Europe's largest economy, Germany, which has been criticized for not doing enough to help struggling euro zone countries, has topped a poll as the world's most popular country.
The survey, carried out for the BBC, polled 26,000 people in 25 countries and asked them to rate 16 countries and the European Union as a whole on whether their influence on the world was mainly positive or negative.
Germany came out on top, with 59 percent of survey participants giving it a positive rating. The country moved up three percentage points from its 2012 position. It displaced Japan, which saw its positive rating fall from 58 percent last year to 51 percent, going from first to fourth place.
The most negatively perceived country was Iran, with only 15 percent of respondents giving it a positive rating. Pakistan and North Korea also received low ratings.
Germany's increased popularity was helped by positive reviews from people in Spain, France, Ghana and Australia. But in debt-laden Greece a majority of people polled gave Germany negative ratings.The German government's policy of tackling over indebtedness through harsh austerity measures has proven unpopular in peripheral euro zone economies.
Alastair Newton, political analyst at Japanese investment bank Nomura, said Germany's popularity in the survey is not surprising given the alternative choices.
"There are lots of reasons why Germany is admired," Newton said. "It is a large and important world economy, a world-class manufacturer and has a chancellor who demonstrates genuine leadership. The question also is, where else would it be? It is hardly likely to be the U.S., given their attitude to the Middle East, or China given Western and Japanese concerns on the country," he added.
(Read More: Markets Take 'Glass Half Full' View of Weak European GDP )
But Jennifer McKeown, European economist at research house Capital Economics, said the results of this survey would probably be different if it were euro zone-focused rather than global.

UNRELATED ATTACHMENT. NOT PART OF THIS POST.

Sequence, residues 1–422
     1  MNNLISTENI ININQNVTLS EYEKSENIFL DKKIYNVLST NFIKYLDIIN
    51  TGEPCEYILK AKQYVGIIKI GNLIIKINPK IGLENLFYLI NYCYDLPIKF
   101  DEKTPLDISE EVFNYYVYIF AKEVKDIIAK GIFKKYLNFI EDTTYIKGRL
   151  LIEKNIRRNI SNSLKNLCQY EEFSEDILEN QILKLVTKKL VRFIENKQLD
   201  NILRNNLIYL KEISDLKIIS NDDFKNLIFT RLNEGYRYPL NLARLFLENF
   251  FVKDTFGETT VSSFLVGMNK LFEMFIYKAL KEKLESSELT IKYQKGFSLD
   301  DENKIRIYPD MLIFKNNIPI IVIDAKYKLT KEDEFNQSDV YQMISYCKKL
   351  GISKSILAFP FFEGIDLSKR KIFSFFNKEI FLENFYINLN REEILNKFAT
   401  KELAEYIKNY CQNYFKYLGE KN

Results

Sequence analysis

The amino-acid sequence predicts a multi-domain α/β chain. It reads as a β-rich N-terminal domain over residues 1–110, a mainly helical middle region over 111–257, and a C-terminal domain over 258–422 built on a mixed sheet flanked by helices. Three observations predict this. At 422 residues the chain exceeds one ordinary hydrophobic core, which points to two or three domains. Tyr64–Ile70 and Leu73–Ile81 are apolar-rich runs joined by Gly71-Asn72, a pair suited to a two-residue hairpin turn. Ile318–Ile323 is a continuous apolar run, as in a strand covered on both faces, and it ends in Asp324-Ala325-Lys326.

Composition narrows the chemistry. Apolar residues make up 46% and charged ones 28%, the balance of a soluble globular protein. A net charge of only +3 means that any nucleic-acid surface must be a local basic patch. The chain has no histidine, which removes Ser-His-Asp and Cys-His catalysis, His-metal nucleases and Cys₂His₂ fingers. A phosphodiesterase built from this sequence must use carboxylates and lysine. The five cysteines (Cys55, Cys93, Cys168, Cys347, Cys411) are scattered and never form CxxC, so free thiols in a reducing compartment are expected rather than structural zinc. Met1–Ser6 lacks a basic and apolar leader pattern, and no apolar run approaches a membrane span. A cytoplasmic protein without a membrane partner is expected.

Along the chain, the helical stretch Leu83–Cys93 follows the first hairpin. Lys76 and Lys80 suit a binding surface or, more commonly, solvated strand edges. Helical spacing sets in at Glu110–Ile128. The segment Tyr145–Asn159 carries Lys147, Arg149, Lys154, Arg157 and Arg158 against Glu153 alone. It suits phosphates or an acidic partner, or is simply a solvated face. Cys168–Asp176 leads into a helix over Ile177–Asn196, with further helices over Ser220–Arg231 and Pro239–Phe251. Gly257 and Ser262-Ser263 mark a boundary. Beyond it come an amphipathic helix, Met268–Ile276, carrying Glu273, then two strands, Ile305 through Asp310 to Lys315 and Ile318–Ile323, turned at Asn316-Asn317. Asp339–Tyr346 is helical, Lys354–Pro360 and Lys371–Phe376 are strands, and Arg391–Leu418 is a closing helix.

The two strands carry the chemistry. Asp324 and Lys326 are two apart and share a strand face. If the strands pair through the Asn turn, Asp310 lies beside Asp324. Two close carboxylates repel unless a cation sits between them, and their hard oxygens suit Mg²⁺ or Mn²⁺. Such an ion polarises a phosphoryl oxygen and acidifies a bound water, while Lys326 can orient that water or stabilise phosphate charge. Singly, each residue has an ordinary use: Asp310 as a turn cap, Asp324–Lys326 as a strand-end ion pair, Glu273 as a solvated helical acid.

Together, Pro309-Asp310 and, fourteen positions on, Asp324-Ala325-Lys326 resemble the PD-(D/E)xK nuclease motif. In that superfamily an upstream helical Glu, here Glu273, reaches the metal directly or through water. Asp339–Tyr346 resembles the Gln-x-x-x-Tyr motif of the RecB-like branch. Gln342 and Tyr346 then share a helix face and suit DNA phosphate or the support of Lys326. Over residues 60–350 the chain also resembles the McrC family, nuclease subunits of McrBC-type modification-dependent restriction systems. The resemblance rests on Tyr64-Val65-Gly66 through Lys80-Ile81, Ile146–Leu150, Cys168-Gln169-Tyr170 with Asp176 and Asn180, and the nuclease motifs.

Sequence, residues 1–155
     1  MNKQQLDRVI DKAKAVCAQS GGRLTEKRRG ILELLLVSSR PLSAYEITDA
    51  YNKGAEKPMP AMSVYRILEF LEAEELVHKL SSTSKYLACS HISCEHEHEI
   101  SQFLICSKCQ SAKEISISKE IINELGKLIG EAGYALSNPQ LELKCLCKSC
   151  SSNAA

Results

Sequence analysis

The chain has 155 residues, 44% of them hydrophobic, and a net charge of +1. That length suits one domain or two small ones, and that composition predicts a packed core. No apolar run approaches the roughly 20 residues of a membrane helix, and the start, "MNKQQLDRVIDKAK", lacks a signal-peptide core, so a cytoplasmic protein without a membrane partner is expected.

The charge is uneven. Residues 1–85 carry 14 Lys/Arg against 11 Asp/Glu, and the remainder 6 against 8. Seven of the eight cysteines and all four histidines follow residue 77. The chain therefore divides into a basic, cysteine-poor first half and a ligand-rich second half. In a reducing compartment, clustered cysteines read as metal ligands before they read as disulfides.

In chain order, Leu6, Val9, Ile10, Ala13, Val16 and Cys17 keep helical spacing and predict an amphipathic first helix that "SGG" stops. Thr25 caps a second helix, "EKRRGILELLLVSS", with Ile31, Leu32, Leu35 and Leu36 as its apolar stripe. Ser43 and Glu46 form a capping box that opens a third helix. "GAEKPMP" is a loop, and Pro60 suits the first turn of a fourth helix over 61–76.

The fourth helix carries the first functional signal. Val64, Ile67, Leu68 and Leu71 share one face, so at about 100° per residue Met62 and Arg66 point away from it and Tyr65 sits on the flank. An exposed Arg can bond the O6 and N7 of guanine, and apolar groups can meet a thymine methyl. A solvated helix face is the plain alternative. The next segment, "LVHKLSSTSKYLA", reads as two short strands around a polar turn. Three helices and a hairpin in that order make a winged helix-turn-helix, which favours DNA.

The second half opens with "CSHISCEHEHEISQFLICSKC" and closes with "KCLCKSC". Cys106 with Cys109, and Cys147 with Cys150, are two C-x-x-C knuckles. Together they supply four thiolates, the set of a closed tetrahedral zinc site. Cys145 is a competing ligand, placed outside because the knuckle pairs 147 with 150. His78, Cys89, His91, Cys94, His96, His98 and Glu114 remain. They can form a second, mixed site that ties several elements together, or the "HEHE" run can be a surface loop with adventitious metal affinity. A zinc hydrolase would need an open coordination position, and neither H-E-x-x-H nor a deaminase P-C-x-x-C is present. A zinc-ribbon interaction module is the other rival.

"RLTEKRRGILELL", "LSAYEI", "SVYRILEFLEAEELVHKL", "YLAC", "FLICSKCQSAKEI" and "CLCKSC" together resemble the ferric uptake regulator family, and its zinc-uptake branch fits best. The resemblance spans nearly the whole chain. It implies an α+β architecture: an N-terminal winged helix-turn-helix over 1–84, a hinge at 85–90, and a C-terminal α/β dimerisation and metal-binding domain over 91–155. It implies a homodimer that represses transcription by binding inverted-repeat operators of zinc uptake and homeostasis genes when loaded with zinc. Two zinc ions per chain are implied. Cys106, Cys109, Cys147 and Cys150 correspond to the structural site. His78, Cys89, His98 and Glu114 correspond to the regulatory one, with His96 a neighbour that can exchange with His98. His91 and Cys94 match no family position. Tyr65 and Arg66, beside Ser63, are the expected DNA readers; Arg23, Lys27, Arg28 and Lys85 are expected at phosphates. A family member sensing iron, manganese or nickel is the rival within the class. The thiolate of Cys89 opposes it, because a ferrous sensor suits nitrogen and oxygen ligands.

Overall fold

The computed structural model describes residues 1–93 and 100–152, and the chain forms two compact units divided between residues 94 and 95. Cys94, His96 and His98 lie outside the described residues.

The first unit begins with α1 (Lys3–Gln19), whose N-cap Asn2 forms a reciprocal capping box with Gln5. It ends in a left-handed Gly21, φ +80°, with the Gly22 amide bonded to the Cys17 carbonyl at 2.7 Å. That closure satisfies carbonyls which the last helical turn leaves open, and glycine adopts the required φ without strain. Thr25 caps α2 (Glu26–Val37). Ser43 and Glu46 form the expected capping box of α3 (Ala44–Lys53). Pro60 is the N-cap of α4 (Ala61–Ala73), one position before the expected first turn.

"The big difference here is that this is a worldwide survey," she said. "I'm not sure how relevant this is as it is the perception of Germany within the euro zone that is more important."
"Negative sentiment towards Germany in the peripheral economies is a worry, as in countries like Italy we are seeing people swaying towards parties with less focus on fiscal tightening and more on growth orientated policies," McKeown said. "This is damaging for Germany's proposed vision of the euro zone, where it gets more of a say in how things are run," she added.
Other countries that saw a boost ratings included the U.K., which climbed to No. 3 in the table following its hosting of the 2012 Olympics.
China and India proved less popular, however. After improving for a number of years, their ratings fell sharply this year. China sank to the ninth position, with 42 percent of the respondents giving it a positive rating. India was ranked No. 12, with 35 percent of those polled saying their perception of the country was negative, while 34 percent viewed it positively.
(Read More: Outlook for China's Economy Just Keeps Getting Worse )
Views on the European Union's influence on the rest of the world improved slightly in 2013, after it dropped to its lowest level last year. In 2013, the EU's rating rose one percentage point to 49 percent. However, the perception of the EU did deteriorate markedly in certain countries, including Germany itself, Canada and the U.S. In the U.K. for the first time this year, more Britons rated the EU negatively (47 percent) than positively (42 percent).
The survey was conducted for the BBC by international opinion research consultancy GlobeScan and Washington-based Program on International Policy Attitudes, through face-to-face and telephone interviews with randomly selected people.
The survey has been carried out since 2005, and the most recent one was conducted from January to March 2013.
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